But do we need it? I think it's more a gimmick that an useful feature, because it's not orthogonal: you have a host of special loop_xxx lambdas instead of a single mechanism. What do you think?

2. Summing this all up

In conclusion? There are 2 conlusions:

1. lambda library is cool, all this stuff is cool, I'm cool.

2. Frankly, isn't that all just appalling? All that effort and what we got is an unnatural syntax! And it's not transparent: for each new combination of operators I've got to write new code in the library (or almost)! Makes you think of Phillip Greenspun's Tenth Rule of Programming: "Any sufficiently complicated C or Fortran program contains an ad-hoc, informally-specified bug-ridden slow implementation of half of Common Lisp." Please Mr. Stroustrup, why don't we have lambda-expressions as core language feature in C++???

Actually, as the things are, it seems like we are going to have lambda functions in the new C++0x standard*! For me, they look like Groovy lambdas (or are they really Ruby's ???), compare**:
Groovy: myMap.each { key, value -> println "$key => $value" }

C++0x: for_each(a.begin(), a.end(), <> (int x) -> int { return sum += x; } );
// or, equivalently, but not much Groovy-like:
for_each(a.begin(), a.end(), <>(int x) { return sum += x; } );
Should we rejoice then? The proposal paper itself lists the problems with lambda expressions:

1. lambda-libraries may render simpler code in basic cases, compare:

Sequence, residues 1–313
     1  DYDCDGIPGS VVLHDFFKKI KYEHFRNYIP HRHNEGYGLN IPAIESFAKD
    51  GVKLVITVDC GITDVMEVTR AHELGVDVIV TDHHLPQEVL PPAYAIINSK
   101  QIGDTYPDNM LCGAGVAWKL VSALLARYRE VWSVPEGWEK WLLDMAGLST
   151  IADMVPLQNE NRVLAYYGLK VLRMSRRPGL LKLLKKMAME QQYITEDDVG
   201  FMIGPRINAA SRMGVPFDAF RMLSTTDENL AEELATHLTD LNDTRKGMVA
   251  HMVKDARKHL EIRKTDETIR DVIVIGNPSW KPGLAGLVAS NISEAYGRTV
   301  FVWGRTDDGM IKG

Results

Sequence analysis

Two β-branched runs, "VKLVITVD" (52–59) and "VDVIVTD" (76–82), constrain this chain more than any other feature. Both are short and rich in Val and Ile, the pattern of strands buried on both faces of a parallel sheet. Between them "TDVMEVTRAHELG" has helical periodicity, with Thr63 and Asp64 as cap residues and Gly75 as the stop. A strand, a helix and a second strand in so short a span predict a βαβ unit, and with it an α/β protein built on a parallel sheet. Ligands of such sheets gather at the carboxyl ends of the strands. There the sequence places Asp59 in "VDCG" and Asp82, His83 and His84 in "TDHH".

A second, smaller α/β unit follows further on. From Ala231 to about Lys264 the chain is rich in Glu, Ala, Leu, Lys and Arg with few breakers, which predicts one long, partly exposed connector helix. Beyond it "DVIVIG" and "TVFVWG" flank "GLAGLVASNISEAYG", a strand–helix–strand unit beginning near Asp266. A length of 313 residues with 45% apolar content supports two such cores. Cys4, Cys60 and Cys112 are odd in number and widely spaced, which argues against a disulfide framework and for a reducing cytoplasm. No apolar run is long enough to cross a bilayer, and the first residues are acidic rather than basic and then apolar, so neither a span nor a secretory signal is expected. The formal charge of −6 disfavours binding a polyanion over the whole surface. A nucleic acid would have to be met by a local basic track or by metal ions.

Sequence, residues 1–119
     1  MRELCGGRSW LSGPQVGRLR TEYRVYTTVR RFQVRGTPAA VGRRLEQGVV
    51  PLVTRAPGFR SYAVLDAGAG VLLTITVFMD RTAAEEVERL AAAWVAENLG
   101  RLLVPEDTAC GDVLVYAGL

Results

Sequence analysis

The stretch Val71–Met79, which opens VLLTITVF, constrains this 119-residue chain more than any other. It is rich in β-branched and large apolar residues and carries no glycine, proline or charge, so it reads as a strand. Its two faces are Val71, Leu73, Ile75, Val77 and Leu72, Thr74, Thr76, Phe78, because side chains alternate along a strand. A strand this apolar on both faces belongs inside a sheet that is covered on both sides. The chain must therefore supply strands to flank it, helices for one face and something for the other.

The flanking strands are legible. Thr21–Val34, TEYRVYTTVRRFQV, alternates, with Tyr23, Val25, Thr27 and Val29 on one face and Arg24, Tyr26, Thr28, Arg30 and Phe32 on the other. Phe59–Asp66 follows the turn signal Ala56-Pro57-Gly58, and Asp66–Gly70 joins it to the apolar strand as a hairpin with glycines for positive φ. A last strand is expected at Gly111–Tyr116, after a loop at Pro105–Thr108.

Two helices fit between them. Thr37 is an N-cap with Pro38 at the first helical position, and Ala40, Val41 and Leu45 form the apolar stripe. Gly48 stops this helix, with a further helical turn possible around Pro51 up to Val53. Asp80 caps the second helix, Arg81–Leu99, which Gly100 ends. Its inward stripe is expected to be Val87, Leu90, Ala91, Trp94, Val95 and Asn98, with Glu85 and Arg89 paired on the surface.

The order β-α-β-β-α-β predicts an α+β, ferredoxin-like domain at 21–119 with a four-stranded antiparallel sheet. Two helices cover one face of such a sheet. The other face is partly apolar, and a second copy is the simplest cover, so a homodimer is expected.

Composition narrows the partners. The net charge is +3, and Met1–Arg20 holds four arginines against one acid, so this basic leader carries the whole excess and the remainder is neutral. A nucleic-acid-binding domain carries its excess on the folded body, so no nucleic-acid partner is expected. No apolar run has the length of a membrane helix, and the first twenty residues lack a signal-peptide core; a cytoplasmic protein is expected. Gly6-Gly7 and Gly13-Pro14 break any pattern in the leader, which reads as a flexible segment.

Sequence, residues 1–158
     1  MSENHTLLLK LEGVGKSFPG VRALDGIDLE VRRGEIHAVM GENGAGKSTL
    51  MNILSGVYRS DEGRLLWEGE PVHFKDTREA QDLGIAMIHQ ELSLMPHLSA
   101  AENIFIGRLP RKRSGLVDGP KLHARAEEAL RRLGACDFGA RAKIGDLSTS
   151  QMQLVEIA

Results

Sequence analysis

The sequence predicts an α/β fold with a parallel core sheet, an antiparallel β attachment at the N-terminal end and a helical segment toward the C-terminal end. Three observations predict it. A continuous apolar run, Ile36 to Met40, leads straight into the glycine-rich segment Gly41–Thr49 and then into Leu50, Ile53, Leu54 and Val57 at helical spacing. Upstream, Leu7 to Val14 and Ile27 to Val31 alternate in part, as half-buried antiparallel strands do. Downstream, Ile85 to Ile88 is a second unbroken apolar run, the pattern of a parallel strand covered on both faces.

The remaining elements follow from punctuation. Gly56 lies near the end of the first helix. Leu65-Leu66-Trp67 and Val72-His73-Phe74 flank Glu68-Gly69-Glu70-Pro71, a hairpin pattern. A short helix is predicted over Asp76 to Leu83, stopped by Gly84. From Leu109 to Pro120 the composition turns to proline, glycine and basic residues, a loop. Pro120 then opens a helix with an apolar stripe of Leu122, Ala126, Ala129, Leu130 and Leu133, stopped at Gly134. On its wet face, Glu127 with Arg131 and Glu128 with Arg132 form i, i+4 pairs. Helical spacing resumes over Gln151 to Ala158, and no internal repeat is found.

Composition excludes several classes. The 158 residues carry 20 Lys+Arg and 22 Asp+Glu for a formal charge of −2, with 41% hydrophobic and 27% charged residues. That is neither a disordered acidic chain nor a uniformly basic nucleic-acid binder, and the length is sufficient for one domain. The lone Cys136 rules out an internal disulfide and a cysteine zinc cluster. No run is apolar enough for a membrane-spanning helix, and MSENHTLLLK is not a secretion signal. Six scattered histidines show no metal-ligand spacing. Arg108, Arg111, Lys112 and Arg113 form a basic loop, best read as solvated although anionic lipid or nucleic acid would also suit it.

// lambda lib.
os << _$1
// lambda expr.
<> (int i) extern(os) { os << i; }
You see, we need the old, ugly, annoying type specifications again! An we've just started to ejoy the typeless (ehm, generic...) programming in C++! Isn't that what the whole template thing is for! This leads immediately to the second problem:
2. there are no polymorfic lambda functions!!!

The proposal doesn't allow us to write templated, polymorfic lambda function (i.e. ones with implicit type recognition), as it would clash with the concepts feature. More specific, it wouldn't exaclty clash and explode, but rather the concepts couldn't guarantee the correct type checking in this case. So bye bye type freedom? Do we alway have to use the annoying explicite typing? Imagine a lambda function working with an iterator on a list of strings, an then write this type expicitely as input parameter. Ghastly! When you are using a lambda library solution, you'll simply write _$1, and that's it! In such a case, the whole point of the lambda expression, its conciseness, goes down the drain. I can write a standalone functor as well.
Summing up: if have only a simple thing to do, a lambda library solution is simpler. But if there is some more work to do, and we don't have elaborate type specifications for input parameters, the lambda expression solution has clearly an edge, as we don't have to learn a new, special-purpose mini-language, but can just use the standard C++ syntax.

As it seems none of the solutions is optimal: do we need both of them?. And I can say I'm rather not pleased, although the situation here is definitely better than in Python.

3. Personal note

In the past I thought (or rather believed) that you could just do everything in C++ with libraries, operator overloading and template tricks. But I guess I was just dazzled by the template syntax ;-). After this series I think there are limits to the flexibility of C++ which can be only worked around with ugly syntax (or macros).

* as in the last "State of C++ Evolution" document they are on the list of the features which are definitely planned to be included, see: "State of C++ Evolution (between Portland and Oxford 2007 Meetings)" of Dec.01.2007 -
** C++0x lambda expressions proposal -